In 2005, Dr. Eilat Mazar discovered a bulla inscribed with the words “Belonging to Jehucal, son of Shelemiah, son of Shovi.” This bulla was discovered in the palace ruins above the Stepped Stone Structure in the City of David. It is unusual because it identifies three generations. Jehucal’s grandfather, Shovi (not mentioned in the Bible), must have been a significant figure in the Jerusalemite hierarchy in order for him to have been included on this royal seal.
Jeremiah’s response was unequivocal. There was evidently no national or royal repentance. No change of heart. As we will see, Jehucal himself despised Jeremiah. The prophet declared that the Egyptian army would return to Egypt and that Nebuchadnezzar would return to continue his siege against Jerusalem—ultimately taking the city captive. “Deceive not yourselves,” the prophet warned. “For though ye had smitten the whole army of the Chaldeans [Babylonians] that fight against you, and there remained but wounded men among them, yet would they rise up every man in his tent, and burn this city with fire” (verses 9-10).
With the Babylonians temporarily departed, Jeremiah proceeded to leave Jerusalem for his homeland in Benjamin. As he was leaving, he was violently accosted, accused of defecting to the Babylonians, and thrown into prison, into the torturous “house of Jonathan the scribe” where the prophet nearly died (apparently due to starvation). In response to his protest for fair treatment, King Zedekiah allowed him out into the prison courts, commanding he be given a ration of bread.
Jeremiah would soon have an even closer brush with death, at the hands of Jehucal and a fellow prince.
Seal Eight: Gedaliah
Inscribed with the text “Belonging to Gedaliah, son of Pashur,” this bulla was discovered in 2007 by Dr. Mazar along the edge of the Stepped Stone Structure. It is significant that it was found in the same general location as the bulla of Jehucal, since these two princes are mentioned together in Jeremiah 38.
Jeremiah 38 describes these princes approaching the king, decrying Jeremiah’s effect on the morale of the soldiers. Jeremiah was warning the nation and king to surrender to the Babylonians—this way, they would be spared certain destruction. “Let this man, we pray thee, be put to death,” the princes requested (verse 4). Zedekiah, the people-pleaser, allowed the princes free reign.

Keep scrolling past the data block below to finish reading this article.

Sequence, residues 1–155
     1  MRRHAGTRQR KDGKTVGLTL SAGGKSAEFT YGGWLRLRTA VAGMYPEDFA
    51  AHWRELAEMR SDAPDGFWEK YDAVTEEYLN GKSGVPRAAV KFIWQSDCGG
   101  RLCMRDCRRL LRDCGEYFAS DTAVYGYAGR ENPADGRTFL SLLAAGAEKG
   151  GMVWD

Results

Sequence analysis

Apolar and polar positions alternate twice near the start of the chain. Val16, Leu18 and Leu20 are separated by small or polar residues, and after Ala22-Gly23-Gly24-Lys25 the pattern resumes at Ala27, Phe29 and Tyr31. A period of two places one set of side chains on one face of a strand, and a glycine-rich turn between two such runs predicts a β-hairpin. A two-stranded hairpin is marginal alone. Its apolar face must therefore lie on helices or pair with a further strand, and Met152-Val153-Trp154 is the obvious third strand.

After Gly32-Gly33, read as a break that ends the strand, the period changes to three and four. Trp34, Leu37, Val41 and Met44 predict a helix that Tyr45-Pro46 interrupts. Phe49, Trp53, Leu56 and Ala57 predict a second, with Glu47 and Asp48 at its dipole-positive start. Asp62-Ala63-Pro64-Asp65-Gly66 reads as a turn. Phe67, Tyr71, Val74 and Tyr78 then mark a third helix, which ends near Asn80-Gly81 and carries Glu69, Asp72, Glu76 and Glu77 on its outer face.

The princes retrieved Jeremiah from the court of the prison and took him down to the dungeon of Malchiah. They threw him into the pit, full of “mire,” and left the prophet to sink into the wet muck. Jeremiah would have soon died were it not for the quick rescue by the Ethiopian eunuch Ebedmelech.
Gedaliah may have had a special, long-standing hatred for Jeremiah. His father was named Pashur, and is very likely the same Pashur who beat the prophet and threw him into prison early in his career (Jeremiah 20). Jeremiah prophesied that Pashur would become a “terror” who would witness the deaths of his compatriots—and whose family would be taken captive into Babylon.
Following his rescue, Jeremiah was cleaned up and taken to Zedekiah, who asked the prophet if God had any further instructions. Jeremiah continued to proclaim that if the king would surrender, his life and the lives of his men would be spared. The king was cordial but again rejected Jeremiah’s warning. He allowed the prophet to remain in the prison court “until the day that Jerusalem was taken” (verse 28).
In circa 586 b.c.e., King Nebuchadnezzar and his army ransacked Jerusalem, dismantled the temple, and captured Zedekiah. The last thing the former king saw was his sons lined up and put to death, before his own eyes were gouged out. After this, Zedekiah was taken to Babylon in chains (2 Kings 25:7).
Seal Nine: Ikar
Inscribed with the words “Belonging to Ikar, son of Mattaniah,” this circa early sixth-century b.c.e. seal was found in 2019 in the Givati Parking Lot excavations. It is a beautiful semi-transparent blue stone seal with a rather innocuous inscription. But behind this pretty seal may lie a dark event. The name Zedekiah was given to the king by Nebuchadnezzar. Zedekiah’s original name was Mattaniah (2 Kings 24:17). Thus, this seal—fitting with the location, dating and father’s name—may well have belonged to one of the king’s sons—a son subsequently executed by Nebuchadnezzar.
Sealing a Message of Hope